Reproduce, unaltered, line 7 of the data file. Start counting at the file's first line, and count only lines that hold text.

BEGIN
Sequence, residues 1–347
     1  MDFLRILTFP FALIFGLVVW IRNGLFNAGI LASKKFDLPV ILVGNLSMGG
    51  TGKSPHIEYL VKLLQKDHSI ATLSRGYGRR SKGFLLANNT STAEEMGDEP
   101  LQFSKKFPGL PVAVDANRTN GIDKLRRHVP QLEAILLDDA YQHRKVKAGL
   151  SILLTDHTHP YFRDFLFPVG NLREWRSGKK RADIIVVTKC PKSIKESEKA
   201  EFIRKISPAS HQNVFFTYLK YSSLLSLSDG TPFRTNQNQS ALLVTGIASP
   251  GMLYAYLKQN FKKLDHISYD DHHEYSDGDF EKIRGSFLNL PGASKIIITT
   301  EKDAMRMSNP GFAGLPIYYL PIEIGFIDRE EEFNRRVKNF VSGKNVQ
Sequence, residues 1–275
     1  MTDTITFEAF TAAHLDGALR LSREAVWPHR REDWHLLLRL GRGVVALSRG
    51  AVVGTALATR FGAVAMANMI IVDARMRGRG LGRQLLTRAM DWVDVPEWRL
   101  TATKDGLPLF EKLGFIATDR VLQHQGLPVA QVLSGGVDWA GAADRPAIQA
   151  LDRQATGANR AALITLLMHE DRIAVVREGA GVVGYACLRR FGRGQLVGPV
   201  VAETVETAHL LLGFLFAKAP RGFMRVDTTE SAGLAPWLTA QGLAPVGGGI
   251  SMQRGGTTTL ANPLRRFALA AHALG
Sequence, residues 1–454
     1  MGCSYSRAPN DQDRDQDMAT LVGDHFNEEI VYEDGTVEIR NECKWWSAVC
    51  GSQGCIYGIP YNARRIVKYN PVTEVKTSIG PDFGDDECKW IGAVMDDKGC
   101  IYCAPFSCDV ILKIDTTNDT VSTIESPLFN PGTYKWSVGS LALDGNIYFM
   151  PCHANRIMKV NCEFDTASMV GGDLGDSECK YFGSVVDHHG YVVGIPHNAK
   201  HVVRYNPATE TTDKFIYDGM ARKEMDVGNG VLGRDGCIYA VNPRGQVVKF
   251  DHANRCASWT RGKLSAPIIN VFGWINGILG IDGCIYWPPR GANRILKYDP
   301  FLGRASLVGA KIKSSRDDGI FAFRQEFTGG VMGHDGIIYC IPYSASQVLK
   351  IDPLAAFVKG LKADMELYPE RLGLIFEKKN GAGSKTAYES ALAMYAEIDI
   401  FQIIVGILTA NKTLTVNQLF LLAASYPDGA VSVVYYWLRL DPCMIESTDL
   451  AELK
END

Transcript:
   251  GMLYAYLKQN FKKLDHISYD DHHEYSDGDF EKIRGSFLNL PGASKIIITT